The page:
Most Americans still support stay-at-home orders and are making an effort to stay at home themselves, a new HuffPost/YouGov poll finds, even as views have been less unanimous than they were at the start of last month. Dissatisfaction with President Donald Trump and the U.S. government’s response to the crisis is continuing to mount, with the latter seeing negative numbers for the first time.
About one-fifth of Americans say there are too many restrictions in the place where they live, with 47% saying there’s about the right level of restrictions and 24% saying there aren’t enough. And given a binary choice, two-thirds of Americans say that states with stay-at-home orders are currently making the right decision, with 21% saying they’re making the wrong decision and the rest unsure.
As some states begin reopening to various extents, the poll finds many Americans holding views that fall somewhere between a willingness to maintain a full lockdown and a desire to do away with requirements entirely. Just shy of half, 46%, say that they’d like their area to maintain restrictions on some nonessential businesses and activities, but allow others to reopen. Another 30% say all nonessential businesses and activities should be shut down. Just 12% want to see all restrictions lifted.
The variation between those sets of results suggest that how poll questions are framed can have a significant effect. But it also shows that desire to completely reopen the country remains a minority position ― and that if pushed to choose, the public remains inclined to err on the side of caution.
Most of the public also remains cautious in their own behavior. Seventy-nine percent of Americans say they’re still trying to stay home as much as possible, down 10 points from the peak in early April, but still representing a vast majority of the nation, across demographic and partisan lines.
Of those who are currently trying to stay home, 54% say they’d continue to do so even if all restrictions were lifted where they live, 33% that they’d leave the house more but continue to take major precautions, and 10% that they’d go back to living as normally as possible.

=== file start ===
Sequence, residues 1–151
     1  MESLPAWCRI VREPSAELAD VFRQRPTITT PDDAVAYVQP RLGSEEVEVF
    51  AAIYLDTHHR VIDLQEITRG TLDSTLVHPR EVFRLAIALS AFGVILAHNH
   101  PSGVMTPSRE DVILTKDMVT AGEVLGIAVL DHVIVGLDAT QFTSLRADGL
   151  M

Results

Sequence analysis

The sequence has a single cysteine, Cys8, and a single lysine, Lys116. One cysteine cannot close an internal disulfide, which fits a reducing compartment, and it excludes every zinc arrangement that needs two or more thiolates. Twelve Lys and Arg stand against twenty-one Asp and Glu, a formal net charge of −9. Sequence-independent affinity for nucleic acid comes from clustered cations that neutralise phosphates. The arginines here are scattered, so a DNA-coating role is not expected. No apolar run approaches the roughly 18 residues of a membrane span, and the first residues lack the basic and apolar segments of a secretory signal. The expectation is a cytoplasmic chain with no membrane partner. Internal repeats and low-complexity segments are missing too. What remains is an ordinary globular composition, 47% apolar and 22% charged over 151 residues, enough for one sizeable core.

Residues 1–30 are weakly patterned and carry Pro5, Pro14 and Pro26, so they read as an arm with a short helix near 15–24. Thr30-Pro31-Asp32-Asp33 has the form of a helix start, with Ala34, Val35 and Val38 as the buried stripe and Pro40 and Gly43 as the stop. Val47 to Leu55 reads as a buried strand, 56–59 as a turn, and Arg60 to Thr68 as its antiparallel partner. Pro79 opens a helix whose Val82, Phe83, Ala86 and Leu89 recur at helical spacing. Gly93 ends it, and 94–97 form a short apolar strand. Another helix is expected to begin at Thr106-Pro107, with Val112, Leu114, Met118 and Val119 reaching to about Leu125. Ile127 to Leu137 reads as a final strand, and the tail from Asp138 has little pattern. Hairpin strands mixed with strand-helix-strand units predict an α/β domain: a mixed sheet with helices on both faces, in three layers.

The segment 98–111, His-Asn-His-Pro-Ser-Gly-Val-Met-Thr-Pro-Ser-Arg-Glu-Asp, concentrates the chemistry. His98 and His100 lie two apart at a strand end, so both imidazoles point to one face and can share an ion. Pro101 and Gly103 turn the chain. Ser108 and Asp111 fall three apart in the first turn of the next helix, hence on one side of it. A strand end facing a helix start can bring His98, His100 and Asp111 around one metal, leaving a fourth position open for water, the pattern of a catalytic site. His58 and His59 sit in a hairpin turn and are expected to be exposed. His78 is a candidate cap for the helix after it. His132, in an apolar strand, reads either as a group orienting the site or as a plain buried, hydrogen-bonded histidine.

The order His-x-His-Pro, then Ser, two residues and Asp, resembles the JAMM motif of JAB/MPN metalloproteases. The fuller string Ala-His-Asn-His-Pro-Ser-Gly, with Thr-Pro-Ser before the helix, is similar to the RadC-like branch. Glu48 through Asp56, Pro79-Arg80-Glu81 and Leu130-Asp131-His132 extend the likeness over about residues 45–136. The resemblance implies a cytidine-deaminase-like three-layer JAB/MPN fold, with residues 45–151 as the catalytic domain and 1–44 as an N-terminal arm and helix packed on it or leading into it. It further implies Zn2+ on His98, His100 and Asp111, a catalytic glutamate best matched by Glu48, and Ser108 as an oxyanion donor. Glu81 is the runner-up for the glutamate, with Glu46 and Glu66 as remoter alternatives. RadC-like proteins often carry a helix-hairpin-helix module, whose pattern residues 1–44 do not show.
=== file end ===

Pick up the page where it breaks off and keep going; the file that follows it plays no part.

A 57% majority say they’re more concerned about states lifting restrictions too quickly, with 29% more concerned about states acting too slowly, and the rest unsure.
Americans’ opinions about the right local policies on the coronavirus divide along both political and geographical lines. Support for maintaining a complete shutdown is highest among Democrats and Democratic-leaning independents living in cities and towns, 55% of whom want to see all nonessential businesses and activities shut down in their area. Support for total reopening is highest among Republicans and Republican-leaning independents in towns and rural areas, 35% of whom say restrictions should be lifted entirely.
Ratings for the U.S. government’s handling of the coronavirus have reached a low ebb, as have ratings for Trump’s performance. Americans say, 47% to 44% that they disapprove of the government’s response, the first time that number has been negative in HuffPost/YouGov polling since February. They say 48% to 42% that they disapprove of Trump’s response.
About two-thirds of Americans say they expect the outbreak to have a lasting effect on the U.S., with only about a quarter believing things will soon go back to normal.
Use the widget below to further explore the results of the HuffPost/YouGov survey, using the menu at the top to select survey questions and the buttons at the bottom to filter the data by subgroups.
The HuffPost/YouGov poll consisted of 1,000 completed interviews conducted May 8-10 among U.S. adults, using a sample selected from YouGov’s opt-in online panel to match the demographics and other characteristics of the adult U.S. population.
HuffPost has teamed up with YouGov to conduct daily opinion polls. You can learn more about this project and take part in YouGov’s nationally representative opinion polling. More details on the polls’ methodology are available here.
Most surveys report a margin of error that represents some but not all potential survey errors. YouGov’s reports include a model-based margin of error, which rests on a specific set of statistical assumptions about the selected sample rather than the standard methodology for random probability sampling. If these assumptions are wrong, the model-based margin of error may also be inaccurate.
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